I was thinking of writing up some kind of curriculum myself for teaching kids these things. It is perhaps arrogant of me to think I can do this, after writing off most of the school teachers in America, but there it is. I was thinking of putting each main subject here on SSC to get all the criticism it deserves (hopefully not ignored). I don’t know if I’ll get to this. I think it is a very good idea to teach kids to think about what they hear or read, but I can see it becoming a propaganda machine.

      The study itself looked like it worked pretty well, by teaching kids just a subset of thinking for themselves, by teaching them about healthcare only. That may be a worthwhile method. I liked the bullet points they had.

      • SamChevre says:

        Long ago, there was a set of pages designed to teach the basics of identifying fake information on the internet. Here’s a good entry point.

      • rlms says:

        It wouldn’t necessarily be a problem if teachers only had average ability if you think they could improve the critical thinking abilities of below-average students whilst not harming those of the above-average.

        • The problem is that a key part of figuring out what to believe or not to believe online is starting out by not trusting anyone–it’s an open medium, so all sources of information have to be tested by whatever means are available before being believed.

          But the standard K-12 model is based on giving the student one or possibly two sources of information–teacher and possibly textbook–and expecting him to believe them. There are teachers who break that model, who encourage students to disagree with them and support their disagreement, but they are the exception.

          Which is why I have long argued that the standard model anti-teaches the relevant skills.

          • Nancy Lebovitz says:

            The project in Uganda seemed to focus on teaching children to check on claims from people who don’t have credentials.

          • Conrad Honcho says:

            Then that just sounds like “TRUST YOUR BETTERS” indoctrination.

          • brmic says:

            @ DavidFriedman#
            I submit that your model of the relevant skills and the process is wrong. In nuce, for anything where you can’t run the relevant experiments yourself or directly observe yourself, you’ll in practice fare best with some combination of (a) trusted sources, (b) critical thinking skills and (c) a sense of when it’s possible and worthwhile to dig deeper. The interplay between these three is iterative: your critical thinking informs your evaluation of sources and repeated deep dives both broaden your critical thinking skill and your sense of when it’s worthwhile/possible to strongly question your trusted sources.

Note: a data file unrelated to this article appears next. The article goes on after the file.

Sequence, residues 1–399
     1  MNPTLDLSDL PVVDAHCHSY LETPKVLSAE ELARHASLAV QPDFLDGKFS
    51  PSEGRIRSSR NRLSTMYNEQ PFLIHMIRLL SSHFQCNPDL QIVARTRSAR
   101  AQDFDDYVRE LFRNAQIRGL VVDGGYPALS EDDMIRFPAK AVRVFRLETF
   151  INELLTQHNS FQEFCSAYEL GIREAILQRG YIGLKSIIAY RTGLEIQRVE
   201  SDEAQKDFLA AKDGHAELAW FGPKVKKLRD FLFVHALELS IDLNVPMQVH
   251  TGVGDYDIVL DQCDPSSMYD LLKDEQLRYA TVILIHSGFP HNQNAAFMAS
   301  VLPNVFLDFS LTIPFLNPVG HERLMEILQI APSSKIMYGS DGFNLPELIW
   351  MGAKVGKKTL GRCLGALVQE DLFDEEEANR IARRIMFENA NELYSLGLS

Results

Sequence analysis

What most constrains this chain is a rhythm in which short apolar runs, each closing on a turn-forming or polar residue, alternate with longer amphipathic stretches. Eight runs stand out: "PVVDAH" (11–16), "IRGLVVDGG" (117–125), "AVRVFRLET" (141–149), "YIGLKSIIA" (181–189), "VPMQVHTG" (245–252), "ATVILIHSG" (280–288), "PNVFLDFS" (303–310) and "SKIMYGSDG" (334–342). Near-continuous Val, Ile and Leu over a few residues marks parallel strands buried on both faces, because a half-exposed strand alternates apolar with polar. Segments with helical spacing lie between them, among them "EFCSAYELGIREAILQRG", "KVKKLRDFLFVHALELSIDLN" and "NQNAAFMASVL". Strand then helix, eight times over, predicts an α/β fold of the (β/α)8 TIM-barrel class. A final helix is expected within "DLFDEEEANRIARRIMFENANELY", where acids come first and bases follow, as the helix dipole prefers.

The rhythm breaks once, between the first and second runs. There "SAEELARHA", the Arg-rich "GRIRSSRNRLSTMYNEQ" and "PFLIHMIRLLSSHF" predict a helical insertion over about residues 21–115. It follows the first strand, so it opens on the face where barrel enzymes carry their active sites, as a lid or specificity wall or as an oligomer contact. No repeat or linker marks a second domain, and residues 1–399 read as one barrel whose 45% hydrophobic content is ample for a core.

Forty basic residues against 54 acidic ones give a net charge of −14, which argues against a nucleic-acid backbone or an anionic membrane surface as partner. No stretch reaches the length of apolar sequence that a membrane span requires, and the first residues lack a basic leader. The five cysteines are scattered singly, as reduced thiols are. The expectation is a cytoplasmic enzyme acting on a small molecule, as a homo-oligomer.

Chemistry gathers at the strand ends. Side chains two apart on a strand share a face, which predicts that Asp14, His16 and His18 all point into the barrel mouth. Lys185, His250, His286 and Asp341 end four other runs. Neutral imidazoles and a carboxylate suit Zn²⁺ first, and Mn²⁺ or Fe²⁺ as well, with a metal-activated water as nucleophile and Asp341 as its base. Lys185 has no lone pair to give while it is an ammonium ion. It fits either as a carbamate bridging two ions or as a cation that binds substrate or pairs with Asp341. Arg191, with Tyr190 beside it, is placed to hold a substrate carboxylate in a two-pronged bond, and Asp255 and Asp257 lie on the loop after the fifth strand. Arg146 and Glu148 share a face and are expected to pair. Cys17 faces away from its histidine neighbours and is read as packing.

Under that model, teachers can easily supply trusted sources, critical thinking basics can be taught on obvious toy examples and for prioritization a few simple rules of thumb will in turn be enough to jumpstart the iterative process.

            @ Conrad Honcho
            What’s wrong with that?

          • Nancy Lebovitz says:

            Conrad Honcho, it is trust your betters indoctrination, but it’s also a start. I do wonder how these kids (possibly when they’re older) will take it when they find out about the replication crisis.

            The challenge is that sometimes the authorities are right, and sometimes trusting them is a matter of life and death.

    • quaelegit says:

      I heard short version of this report on the radio last week, so thanks for posting this so I can read/hear the rest!

      The “who sank the Maine” assignment sounds pretty similar to some assignments I did in middle and high school (mid 2000s to early 2010s) — although the Skill Being Taught was “evaluating primary and secondary sources”, not tied to the internet at all.

      (I’m pretty sure the only advice we got on internet information was “Don’t use wikipedia as a source!”)

    • honoredb says:

      I think it could be useful to have a class that teaches Flat Earth theory as persuasively as it possibly can. Show videos posted on https://www.reddit.com/r/theworldisflat/, have the teacher mock students who argue, have required reading of well-written essays (with tests, naturally, to prove that you read them). Writing essays rebutting the week’s lesson gives you extra credit, but no in-class recognition until the end of the course.

      I don’t know, it could backfire horribly in a number of ways, but it’d be entertaining.

      • My old idea along those lines was to take some controversy with a fair number of people on each side—”is overpopulation a serious problem that requires strong action to deal with” or something similar for climate. Have two teachers, one on each side. Each is allowed to indoctrinate his class as best he can. Half way through the quarter the teachers switch classes. Students are encouraged to argue with the teacher, at least in papers and to the extent it is practical in person, during both halves.

        One could do it for evolution vs creationism, but I think it would be better to do it on a more balanced controversy.

  20. bugsbycarlin says:

    From the HPPD essay:

    But this could just be the same kind of brain plasticity that eventually lets people recover from strokes that kill off whole brain regions.

    Is there anyone who can elaborate on this sort of stroke recovery in some detail?

  21. johan_larson says: